Biphasic modulation of apoptotic pathways in cryptosporidium paivum infected human intestinal epithelial cells

Jin Liu, Mingqi Deng, Cheryl A. Lancto, Mitchell S. Abrahamsen, Mark S Rutherford, Shiniehiro Enomoto

Research output: Contribution to journalArticlepeer-review

59 Scopus citations


The impact of Cryptosporidium parvum infection on host cell gene expression was investigated by microarray analysis with an in vitro model using human ileocecal HCT-8 adenocarcinoma cells. We found changes in 333 (2.6%) transcripts at at least two of the five (6, 12, 24, 48, and 72 h) postinfection time points. Fifty-one of the regulated genes were associated with apoptosis and were grouped into five clusters based on their expression patterns. Early in infection (6 and 12 h), genes with antiapoptotic roles were up regulated and genes with apoptotic roles were downregulated. Later in infection (24, 48, and 72 h), proapoptotic genes were induced and antiapoptotic genes were downregulated, suggesting a biphasic regulation of apoptosis: antiapoptotic state early and moderately proapoptotic state late in infection. This transcriptional profile matched the actual occurrence of apoptosis in the infected cultures. Apoptosis was first detected at 12 h postinfection and increased to a plateau at 24 h, when 20% of infected cells showed nuclear condensation. In contrast, experimental silencing of Bcl-2 induced apoptosis in 50% of infected cells at 12 h postinfection. This resulted in a decrease in the infection rate and a reduction in the accumulation of meront-containing cells. To test the significance of the moderately proapoptotic state late in the infection, we inhibited apoptosis using pancaspase inhibitor Z-VAD-FMK. This treatment also affected the progression of C. parvum infection, as reinfection, normally seen late (24 h to 48 h), did not occur and accumulation of mature meronts was impaired. Control of host apoptosis is complex and crucial to the life of C. parvum. Apoptosis control has at least two components, early inhibition and late moderate promotion. For a successful infection, both aspects appear to be required.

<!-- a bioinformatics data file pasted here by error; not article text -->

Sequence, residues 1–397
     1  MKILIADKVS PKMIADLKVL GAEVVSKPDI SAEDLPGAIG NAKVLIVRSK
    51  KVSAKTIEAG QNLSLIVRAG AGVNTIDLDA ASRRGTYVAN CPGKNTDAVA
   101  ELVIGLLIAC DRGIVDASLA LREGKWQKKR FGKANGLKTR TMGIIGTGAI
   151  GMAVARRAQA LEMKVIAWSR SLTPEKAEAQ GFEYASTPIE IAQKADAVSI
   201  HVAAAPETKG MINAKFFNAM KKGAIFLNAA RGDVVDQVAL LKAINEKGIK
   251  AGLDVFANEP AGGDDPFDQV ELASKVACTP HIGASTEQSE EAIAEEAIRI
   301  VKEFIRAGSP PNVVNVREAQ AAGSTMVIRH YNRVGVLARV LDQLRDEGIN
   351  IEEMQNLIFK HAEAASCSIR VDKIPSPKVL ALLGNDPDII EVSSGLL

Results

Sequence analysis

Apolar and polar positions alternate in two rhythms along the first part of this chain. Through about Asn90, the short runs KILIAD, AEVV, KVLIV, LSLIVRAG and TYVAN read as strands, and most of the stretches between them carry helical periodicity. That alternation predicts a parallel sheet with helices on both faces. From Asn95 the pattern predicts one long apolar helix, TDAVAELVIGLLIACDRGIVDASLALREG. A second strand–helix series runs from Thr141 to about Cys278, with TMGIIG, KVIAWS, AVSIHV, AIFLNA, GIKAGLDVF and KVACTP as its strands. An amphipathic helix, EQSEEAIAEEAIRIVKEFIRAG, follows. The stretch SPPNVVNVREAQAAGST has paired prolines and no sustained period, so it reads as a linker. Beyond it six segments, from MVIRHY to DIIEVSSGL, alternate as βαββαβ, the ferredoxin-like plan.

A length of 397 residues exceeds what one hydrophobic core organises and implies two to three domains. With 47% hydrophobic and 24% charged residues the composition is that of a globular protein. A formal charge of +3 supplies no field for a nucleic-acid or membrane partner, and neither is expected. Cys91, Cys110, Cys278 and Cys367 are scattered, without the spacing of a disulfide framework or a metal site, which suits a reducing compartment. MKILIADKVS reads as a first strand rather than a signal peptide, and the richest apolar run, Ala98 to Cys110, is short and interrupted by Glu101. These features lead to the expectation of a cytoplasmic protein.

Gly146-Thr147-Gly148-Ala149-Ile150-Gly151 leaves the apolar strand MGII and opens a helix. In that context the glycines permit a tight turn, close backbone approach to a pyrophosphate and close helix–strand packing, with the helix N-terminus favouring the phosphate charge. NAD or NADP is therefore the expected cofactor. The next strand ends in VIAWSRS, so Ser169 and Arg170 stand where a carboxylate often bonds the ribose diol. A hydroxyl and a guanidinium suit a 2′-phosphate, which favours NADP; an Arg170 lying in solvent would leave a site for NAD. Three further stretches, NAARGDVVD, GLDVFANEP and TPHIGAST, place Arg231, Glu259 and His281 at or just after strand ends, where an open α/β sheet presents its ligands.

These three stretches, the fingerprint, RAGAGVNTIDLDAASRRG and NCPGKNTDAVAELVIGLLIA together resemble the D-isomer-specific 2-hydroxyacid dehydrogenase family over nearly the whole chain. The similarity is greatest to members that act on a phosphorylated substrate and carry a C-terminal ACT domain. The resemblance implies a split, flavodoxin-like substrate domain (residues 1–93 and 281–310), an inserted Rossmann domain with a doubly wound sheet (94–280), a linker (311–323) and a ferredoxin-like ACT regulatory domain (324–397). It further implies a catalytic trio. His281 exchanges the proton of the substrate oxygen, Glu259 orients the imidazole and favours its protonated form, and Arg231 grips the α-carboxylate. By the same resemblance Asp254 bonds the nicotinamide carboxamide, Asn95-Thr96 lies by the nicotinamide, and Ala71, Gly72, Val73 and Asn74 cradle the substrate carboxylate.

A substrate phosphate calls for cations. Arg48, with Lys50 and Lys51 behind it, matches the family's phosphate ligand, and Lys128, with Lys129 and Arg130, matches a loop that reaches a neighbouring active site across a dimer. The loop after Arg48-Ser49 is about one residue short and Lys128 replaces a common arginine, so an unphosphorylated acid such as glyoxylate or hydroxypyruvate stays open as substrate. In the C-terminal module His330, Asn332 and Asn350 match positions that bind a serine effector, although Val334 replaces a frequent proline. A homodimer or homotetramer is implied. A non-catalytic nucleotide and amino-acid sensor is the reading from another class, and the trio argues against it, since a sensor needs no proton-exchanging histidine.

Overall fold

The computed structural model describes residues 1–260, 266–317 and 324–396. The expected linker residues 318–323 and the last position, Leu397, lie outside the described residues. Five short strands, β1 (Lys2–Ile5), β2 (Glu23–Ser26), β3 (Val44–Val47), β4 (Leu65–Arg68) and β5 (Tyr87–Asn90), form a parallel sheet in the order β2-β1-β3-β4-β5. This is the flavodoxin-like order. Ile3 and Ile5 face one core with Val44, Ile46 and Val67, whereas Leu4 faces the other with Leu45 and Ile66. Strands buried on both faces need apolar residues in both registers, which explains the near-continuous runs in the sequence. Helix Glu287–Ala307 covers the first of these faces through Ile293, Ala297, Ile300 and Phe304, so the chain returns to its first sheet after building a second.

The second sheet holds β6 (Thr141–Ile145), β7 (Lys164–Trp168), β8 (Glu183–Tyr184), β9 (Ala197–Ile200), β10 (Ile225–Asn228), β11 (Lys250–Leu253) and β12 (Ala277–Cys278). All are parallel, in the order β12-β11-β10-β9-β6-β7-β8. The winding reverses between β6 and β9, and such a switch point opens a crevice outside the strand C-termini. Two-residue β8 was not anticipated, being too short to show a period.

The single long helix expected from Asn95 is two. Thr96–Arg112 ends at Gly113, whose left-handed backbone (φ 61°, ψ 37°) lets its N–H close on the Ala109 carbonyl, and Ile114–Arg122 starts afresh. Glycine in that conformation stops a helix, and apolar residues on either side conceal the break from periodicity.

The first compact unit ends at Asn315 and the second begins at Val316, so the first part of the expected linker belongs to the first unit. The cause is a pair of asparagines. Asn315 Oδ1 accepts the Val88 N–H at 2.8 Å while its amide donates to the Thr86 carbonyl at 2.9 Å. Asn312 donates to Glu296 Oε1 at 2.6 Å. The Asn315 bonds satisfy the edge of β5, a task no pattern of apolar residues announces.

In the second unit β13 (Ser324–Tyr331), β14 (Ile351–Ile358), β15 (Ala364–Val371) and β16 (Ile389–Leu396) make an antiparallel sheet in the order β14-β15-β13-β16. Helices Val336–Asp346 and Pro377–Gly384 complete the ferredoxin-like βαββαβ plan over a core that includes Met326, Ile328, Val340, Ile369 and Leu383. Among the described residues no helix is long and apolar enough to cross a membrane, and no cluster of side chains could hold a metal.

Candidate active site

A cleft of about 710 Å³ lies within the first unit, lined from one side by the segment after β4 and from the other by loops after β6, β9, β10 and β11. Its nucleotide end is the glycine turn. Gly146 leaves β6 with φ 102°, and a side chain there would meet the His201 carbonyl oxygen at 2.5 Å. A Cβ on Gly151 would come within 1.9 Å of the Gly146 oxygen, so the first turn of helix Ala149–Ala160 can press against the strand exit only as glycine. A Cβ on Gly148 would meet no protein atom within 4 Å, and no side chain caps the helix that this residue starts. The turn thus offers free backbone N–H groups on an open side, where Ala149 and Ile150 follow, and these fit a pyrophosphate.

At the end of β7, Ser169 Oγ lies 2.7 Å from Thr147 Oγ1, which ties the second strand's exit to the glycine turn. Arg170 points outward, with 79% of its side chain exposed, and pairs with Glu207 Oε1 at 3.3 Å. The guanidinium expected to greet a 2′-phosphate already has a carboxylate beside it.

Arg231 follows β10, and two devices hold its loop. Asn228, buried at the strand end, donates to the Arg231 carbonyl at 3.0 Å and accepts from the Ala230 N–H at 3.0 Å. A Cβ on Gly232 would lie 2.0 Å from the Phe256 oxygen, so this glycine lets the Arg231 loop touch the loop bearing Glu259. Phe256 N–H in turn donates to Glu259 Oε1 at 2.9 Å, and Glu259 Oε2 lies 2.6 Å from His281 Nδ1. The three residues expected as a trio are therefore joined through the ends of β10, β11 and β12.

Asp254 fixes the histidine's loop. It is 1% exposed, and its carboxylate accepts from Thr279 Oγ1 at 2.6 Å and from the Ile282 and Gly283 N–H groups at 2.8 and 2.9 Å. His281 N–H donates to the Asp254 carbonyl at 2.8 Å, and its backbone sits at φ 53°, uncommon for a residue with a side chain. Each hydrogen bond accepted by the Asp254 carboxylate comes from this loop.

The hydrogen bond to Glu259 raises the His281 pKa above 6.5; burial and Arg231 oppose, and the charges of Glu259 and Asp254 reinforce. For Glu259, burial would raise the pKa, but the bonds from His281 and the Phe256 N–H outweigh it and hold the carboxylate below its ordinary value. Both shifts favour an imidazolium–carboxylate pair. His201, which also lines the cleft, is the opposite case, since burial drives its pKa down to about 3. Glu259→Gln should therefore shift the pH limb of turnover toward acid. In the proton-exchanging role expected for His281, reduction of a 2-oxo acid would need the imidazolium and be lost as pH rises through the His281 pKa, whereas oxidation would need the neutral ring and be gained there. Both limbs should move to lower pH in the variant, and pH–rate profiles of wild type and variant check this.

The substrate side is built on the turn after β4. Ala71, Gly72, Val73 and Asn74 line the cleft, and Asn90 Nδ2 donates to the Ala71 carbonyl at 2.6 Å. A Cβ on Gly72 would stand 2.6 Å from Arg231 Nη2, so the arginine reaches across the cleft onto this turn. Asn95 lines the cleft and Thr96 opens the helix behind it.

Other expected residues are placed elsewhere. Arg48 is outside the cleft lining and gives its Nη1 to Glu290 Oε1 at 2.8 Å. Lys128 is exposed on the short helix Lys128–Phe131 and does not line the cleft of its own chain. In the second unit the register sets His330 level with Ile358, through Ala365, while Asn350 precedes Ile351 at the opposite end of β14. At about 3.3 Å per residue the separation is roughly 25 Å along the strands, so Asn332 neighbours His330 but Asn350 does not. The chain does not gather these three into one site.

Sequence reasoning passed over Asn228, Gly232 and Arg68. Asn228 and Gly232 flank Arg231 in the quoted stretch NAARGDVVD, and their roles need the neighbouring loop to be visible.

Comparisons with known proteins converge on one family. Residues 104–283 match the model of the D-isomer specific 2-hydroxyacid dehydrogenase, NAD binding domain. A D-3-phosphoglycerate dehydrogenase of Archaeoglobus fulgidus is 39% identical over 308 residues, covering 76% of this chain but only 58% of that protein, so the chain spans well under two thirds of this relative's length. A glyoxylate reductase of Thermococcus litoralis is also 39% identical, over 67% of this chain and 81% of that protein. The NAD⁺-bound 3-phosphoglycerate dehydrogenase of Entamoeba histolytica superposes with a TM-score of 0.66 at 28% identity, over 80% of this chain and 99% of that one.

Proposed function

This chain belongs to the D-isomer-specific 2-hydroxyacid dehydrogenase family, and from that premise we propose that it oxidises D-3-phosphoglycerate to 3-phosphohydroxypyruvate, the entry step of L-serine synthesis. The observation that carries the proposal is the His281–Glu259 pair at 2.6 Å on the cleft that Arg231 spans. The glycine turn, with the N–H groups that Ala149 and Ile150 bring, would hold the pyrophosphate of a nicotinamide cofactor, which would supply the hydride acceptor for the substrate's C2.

Original languageEnglish (US)
Pages (from-to)837-849
Number of pages13
JournalInfection and immunity
Issue number2
StatePublished - Feb 2009


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